Lifting our eyes and looking round, how thoroughly Highland the whole scene is, and how distinguished from every other of its characteristic features! Our promontory forms the one side of the entrance to a salt-water beach, Loch Leven, a branch of the great sea-river of Loch Linnhe, which flows northward from Oban to the Caledonian Canal, and the hollow of whose waters is continued in the line of the Great Caledonian Valley, with its fresh-water lakes. Looking eastward, we are struck by the wonderful beauty of Loch Linnhe itself. On the southern shore lies the green Ardshiel—one of the homes of the Episcopalian and Jacobite families of the Stewarts of Appin, who were ever faithful to their Church and Prince "Charlie." Above and beyond Ardshiel is a mountain, green to its rounded summit with fine strips of native wood dotting its surface, forming beautiful curves, and out of which, here and there, flash the cascades of rivulets that sweep downwards to the sea. Higher still, and beyond, is a bare sharp ridge without a blade of grass. On the opposite, or southern, side of Loch Leven, are upraised beeches, with flats of fine alluvial soil, stretching out to the shore, and backed by limestone hills of richest green, at the base of which little scattered white cottages nestle snugly. The winding shores sweep into sandy bays, which reflect white marble rocks, gleaming through trees.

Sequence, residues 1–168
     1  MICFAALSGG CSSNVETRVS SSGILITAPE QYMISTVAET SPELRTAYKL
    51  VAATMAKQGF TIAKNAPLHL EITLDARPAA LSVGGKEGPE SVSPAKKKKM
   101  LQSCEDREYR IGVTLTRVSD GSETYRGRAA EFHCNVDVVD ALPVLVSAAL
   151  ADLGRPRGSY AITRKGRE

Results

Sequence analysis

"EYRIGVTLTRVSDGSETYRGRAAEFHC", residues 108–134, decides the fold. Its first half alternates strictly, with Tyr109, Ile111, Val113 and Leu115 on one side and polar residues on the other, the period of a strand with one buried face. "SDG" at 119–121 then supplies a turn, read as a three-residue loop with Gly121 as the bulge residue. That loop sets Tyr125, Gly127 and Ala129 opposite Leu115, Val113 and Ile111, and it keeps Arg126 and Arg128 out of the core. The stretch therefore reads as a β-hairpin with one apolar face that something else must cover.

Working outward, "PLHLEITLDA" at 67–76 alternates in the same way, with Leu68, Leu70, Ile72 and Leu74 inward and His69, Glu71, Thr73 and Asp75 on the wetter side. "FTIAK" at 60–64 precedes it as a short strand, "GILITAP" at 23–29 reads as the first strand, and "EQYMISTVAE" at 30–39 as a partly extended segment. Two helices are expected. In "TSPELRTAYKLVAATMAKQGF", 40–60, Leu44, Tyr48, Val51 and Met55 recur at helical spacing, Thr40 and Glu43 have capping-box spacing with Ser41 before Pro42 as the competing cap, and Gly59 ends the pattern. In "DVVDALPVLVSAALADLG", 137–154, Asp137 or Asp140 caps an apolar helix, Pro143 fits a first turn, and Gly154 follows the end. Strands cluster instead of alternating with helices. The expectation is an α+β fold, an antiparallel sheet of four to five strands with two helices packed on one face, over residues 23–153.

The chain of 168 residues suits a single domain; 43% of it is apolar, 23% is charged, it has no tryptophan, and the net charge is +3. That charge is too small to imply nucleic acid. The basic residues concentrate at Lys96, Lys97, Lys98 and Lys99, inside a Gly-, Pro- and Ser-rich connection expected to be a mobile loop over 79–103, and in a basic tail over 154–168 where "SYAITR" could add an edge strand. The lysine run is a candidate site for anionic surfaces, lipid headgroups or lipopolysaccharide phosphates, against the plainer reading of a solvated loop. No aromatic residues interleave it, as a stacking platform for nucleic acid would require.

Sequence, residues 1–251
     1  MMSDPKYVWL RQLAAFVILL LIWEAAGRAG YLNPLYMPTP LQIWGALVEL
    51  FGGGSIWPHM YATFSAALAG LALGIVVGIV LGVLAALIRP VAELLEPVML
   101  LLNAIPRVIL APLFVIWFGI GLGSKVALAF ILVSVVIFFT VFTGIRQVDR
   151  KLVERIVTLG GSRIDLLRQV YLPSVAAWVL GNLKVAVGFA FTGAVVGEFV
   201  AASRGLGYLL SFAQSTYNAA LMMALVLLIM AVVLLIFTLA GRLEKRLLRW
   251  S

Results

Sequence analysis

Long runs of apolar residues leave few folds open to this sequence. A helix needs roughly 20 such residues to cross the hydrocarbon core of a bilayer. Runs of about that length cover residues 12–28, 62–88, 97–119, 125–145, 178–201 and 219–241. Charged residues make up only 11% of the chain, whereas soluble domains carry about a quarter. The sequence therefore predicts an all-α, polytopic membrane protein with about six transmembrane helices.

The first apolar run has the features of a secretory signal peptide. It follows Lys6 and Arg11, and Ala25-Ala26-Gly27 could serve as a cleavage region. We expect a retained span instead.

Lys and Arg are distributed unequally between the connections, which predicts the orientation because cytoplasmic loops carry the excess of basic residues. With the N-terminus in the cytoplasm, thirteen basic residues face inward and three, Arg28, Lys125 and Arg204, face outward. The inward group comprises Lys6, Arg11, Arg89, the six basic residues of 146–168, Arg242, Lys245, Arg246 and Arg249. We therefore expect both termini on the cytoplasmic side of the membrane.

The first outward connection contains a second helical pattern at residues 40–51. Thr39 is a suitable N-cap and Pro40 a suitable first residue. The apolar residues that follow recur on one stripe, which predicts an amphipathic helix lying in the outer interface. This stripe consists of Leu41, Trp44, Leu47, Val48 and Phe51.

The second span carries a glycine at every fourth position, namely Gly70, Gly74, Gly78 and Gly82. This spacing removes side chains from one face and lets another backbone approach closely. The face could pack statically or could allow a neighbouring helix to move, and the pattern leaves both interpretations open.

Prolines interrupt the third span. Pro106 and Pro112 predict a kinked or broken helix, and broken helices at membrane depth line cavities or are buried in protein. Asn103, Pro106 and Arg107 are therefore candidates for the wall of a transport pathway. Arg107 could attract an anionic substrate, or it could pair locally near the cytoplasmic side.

But the grand and commanding object at the head of Loch Leven is Glencoe. Its precipices rise like a huge dark wall. Tremendous buttresses from base to summit disengage themselves from their surface, and separated from each other by depths such as might have been cut and cloven by Thor's great hammer, wielded in stormy passion. The mountain is scored across by deep lines as though they marked the successive floods of molten rook poured out by volcanic forces. Nothing can be more utterly sombre, sad, and desolate than this Glencoe. We have watched it in its every mood—sometimes when it seemed to sleep like a wearied giant, wrapped in the sun-mist; sometimes when it began to arrest the western clouds, until, as if overcome by their stifling power, they covered it with impenetrable masses black as night; or, again, when slowly and solemnly it unveiled itself after the storm, and the sun crept up to it, after visiting the green fields and the trees below, until at last it scattered the clouds from the dark precipices and sent the mists flying —not fiercely, but kindly ; not hastily, but slowly—in white smoke up the glens, tinging with auroral light the dark ridge as they streamed over it; while the infinite sky appeared without a cloud over all, and as if supported by the mighty pillars of the glen.